H.L. Mencken On Brewing A Drinkable Home Brew

City Paper

I was taught to brew by Harry Rickel, of Detroit. He was a lawyer but his people had been in the malting business for years, and he knew all about brewing. He sent me not only detailed directions but also my first supplies, and after they ran out he found me a reliable Lieferant in Paul Weidner, of 350 Gratiot Avenue, Detroit. By 1922 I was no longer dependent on Weidner, for a number of dealers in home-brewers’ materials had sprung up in Baltimore. One of the best was a retired brewmaster named Brohmayer, who had set up a shop for the sale of home-brewers’ supplies. He knew the chemistry and bacteriology of fermentation and gave me some very useful tips. Also, he supplied me with the best German and Bohemian hops and very good malt syrup. 

At the start all home-brewers made their beer too strong. It took us a couple of years to learn that we should be sparing with the malt syrup, and especially with the corn sugar that we used to reinforce it. My first brew, put into quart bottles with old-time wire and rubber spring-caps (for the sale of crown corks had not yet begun) was bottled too soon, and as a result most of the bottles exploded. They were stored in the sideyard in Hollins Street and the explosions greatly alarmed our neighbor, William Deemer. As soon as we had mastered the trick August and I made very good beer—or, rather, ale, for that is what it always was, technically speaking. When I was married in 1930 and moved to an apartment in Cathedral Street, I set up a brewery there. I had kept a sort of cellar-book from the start, but the early years of it have been lost. Here are some entries for my last six months in Hollins Street in 1930:

1. One can German light malt; one can German dark; one can Guilford; a pound and a half white sugar; two ounces American hops. Brewed March 9; bottled March 19.

2. Three cans German dark; a pound and a half corn sugar; two ounces Bohemian hops; corn sugar in bottles. Brewed April 20; bottled April 23. Bottled too soon. On opening the first bottle the beer boiled out, and I threw out the whole batch.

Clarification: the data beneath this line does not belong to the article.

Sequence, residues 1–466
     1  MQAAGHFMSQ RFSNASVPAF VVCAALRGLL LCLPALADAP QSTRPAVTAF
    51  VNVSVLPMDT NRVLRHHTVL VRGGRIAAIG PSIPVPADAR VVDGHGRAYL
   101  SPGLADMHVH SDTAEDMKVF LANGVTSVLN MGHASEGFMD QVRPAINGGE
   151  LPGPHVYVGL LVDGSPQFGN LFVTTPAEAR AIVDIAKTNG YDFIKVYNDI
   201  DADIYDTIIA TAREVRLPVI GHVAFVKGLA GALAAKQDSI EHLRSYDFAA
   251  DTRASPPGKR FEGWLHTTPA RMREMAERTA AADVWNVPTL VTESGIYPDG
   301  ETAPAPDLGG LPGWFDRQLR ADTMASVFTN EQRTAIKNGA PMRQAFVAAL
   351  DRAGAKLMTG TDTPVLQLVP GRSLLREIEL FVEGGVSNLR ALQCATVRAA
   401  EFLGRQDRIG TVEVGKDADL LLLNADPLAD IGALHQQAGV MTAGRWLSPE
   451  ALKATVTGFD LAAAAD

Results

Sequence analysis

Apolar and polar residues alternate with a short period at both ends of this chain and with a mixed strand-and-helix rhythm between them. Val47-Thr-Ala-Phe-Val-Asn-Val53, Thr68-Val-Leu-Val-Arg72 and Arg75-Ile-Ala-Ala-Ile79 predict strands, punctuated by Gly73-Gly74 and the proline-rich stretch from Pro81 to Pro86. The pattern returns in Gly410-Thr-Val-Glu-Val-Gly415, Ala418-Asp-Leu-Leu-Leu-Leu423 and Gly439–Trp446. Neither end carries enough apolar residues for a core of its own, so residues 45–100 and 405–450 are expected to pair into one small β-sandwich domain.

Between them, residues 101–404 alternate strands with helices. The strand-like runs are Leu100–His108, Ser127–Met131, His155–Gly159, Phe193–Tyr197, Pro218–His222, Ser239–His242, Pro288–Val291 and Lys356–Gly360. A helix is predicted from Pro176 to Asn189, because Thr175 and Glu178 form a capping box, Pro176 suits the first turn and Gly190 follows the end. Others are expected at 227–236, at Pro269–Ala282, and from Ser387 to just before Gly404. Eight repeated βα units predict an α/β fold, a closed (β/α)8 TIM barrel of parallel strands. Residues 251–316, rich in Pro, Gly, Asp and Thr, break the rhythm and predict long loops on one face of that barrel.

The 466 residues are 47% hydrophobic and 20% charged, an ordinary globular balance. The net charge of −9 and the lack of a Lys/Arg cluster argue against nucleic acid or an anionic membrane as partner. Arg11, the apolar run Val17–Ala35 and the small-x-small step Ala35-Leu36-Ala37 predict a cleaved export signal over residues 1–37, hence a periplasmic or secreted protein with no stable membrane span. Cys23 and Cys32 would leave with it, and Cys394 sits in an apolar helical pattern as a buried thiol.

3. Five pounds Brohmeyer malt; five ounces German hops; a pound and a half corn sugar; one ounce hops in crock at the end of fermentation; Chattolanee water. Fleischmann’s yeast. Brewed May 28; bottled June 1. A light, somewhat flabby brew.

4. Five pounds Brohmeyer malt; five ounces German hops; two pounds corn sugar; one ounce hops in crock; Chattolanee water; Fleischmann’s yeast. Brewed June 1; bottled June 5. Good flavor. [. . .]

One of my early pupils was Max Brödel, professor of art as applied to medicine at the Johns Hopkins. He knew a great deal about bacteriology and became the best brewer within my range of acquaintance. Some of his brews, in fact, had a genuinely professional smack. He had a summer place in Canada, and one autumn, on returning in his car, he found after crossing the American border that there were three empty bottles of Labatt’s ale in his baggage. There was some yeast sediment in them, and when he reached Baltimore he proceeded to cultivate this sediment at the Johns Hopkins. He soon had it free from contamination, and was presently brewing a really remarkable imitation of Labatt’s ale, which has a peculiar (and very agreeable) flavor. Another time he cultivated a ferment from the wild yeast on grape-skins, and from it produced an ale that had a decidedly wine-like flavor. In 1921 Philip Goodman, who was also one of my pupils, brought home some dried yeast from the Löwenbräu brewery at Munich, and Brödel cultivated and purified it, and in 1925 Goodman brought home a test-tube of Hackerbräu yeast. Brödel labored long and hard over these bootlegged jewels, and finally produced pure strains. He gave me cultures of them and I tried them with success, but getting the cultures from him was some trouble, so I returned to the commercial yeasts, which had been perfected for brewing by 1925. In this humanitarian work Brödel had the aid of various Johns Hopkins colleagues, including Stanhope Bayne-Jones, who was associate professor of bacteriology in 1922 and 1923. The strains that he and they purified and cultivated survived at the Johns Hopkins until Prohibition finally blew up.


From “H. L. Mencken: The Days Trilogy, Expanded Edition,” edited by Marion Elizabeth Rodgers. Copyright 2014 by The Library of America, New York, N.Y.  Reproduced with the permission of the Enoch Pratt Free Library. All rights reserved.


Further Reading The House that Mencken Built The Sage in Black and White More Mencken Mencken's Music The Mobtown Connection

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